The OWLS topic for the month of March is “Feminine”:
In honor of Women’s History Month, the OWLS bloggers will explore the concepts of femininity and feminism. We each have our own definition of these two terms and we will explore our definitions using “feminine” characters from various pop culture fandoms. We will discuss how these characters are “feminine” or show signs of a feminist agenda. We will also share our personal stories about the amazing women that supported us in our lives as well as sharing experiences involving women’s rights, oppression within the patriarchy, and/or issues of growing up as a woman or having a feminine persona.
When I originally signed up to participate on this tour, I was mainly going to focus on some of my favorite female characters in anime and literature, but I decided to take a different route because I realized that none of these characters come close to the women I surround myself with in real life.
If you haven’t read my recent post, this month my grandma passed away. It’s been rough. I paused my studies and canceled a few hangouts with friends in order to be with my family. I still feel a bit lethargic but I am getting back to my normal routine.
I had an interesting relationship with my grandma. I was always a bit shy around her and so, what I know about her came mostly from the stories my mom told me. In fact, my mom’s relationship with my grandma (her mom) is similar to my relationship with my mom. I’m very close to my mom and when I was younger I would always cling to her. Nowadays, I vent to her about my problems since she’s a great listener and she’s always there to support me. A lot of my friends and my relatives say I look and act just like her and to some degree, I can see it.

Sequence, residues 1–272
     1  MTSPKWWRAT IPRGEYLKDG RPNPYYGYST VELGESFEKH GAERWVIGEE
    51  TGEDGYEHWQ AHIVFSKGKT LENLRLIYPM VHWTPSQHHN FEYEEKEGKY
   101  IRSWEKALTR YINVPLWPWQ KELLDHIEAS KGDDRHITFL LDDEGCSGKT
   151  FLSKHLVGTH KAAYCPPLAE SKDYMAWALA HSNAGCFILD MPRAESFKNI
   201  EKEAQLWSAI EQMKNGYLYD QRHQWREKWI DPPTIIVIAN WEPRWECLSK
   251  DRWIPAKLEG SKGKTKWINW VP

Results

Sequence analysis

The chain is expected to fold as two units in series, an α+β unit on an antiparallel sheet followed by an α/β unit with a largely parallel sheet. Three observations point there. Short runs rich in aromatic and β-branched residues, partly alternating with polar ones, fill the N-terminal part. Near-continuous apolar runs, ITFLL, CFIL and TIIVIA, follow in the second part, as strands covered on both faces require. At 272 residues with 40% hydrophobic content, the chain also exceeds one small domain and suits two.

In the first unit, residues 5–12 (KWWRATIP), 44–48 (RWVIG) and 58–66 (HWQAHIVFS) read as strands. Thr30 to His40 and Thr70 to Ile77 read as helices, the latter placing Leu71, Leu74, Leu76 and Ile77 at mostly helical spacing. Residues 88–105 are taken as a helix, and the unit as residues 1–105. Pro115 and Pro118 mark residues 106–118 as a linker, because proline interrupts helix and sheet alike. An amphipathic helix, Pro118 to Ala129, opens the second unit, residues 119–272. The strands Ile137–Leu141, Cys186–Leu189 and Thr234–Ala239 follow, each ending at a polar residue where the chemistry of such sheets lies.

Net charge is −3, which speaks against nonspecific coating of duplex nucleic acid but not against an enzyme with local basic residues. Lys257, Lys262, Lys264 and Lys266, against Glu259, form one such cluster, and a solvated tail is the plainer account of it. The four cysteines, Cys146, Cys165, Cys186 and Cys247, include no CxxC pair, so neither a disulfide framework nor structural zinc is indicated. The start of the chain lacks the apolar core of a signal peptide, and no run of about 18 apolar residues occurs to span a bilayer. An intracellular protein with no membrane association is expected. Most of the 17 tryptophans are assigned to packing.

A mother’s relationship with her daughter is vital. A mother teaches her daughter everything she needs to know about being a graceful and hardworking woman, and so everything that my mom has learned from her mother has been passed down to me.
Since I need to apply my personal story to a pop culture medium, I decided to give an example of a touching moment between a mother and daughter in a South Korean drama, Because This Is My First Life. In this series, Yoon Ji-ho decides to hastily marry Nam Se-hee, which causes a fallout between Ji-ho and her mother. Ji-ho’s mother is disappointed in her because she decided to get married and become a housewife despite all the hard work she put into her career as a writer. Ji-ho’s mother sees it as an easy way out when she knows that her daughter is capable of so much more, and I can understand where Ji-ho’s mother is coming from. I think all mothers want their daughters to be more than what they themselves are (which traditionally is the role of a domestic housewife).
In this particular scene, Ji-ho’s mother writes a letter to her soon-to-be son-in-law, Nam Se-hee and asks him to care and support Ji-ho’s decisions and dreams.
This is a touching moment that demonstrates the strong bond between a mother and her daughter.
Femininity and feminism are words that have been tossed around in the media, but they are values that a mother teaches her daughter inherently. You aren’t aware of it because they are just usually subtle life lessons and experiences that a mother and daughter share with each other and no one else.
I’m both. I’m a feminine feminist. I don’t really care much for a hierarchy where women are better than men. All I care about is that I will be treated fairly and with respect regardless of my gender.
If you want to check out other posts for this month’s theme, “Feminine,” you can check out Irina’s or Mel’s blog posts.
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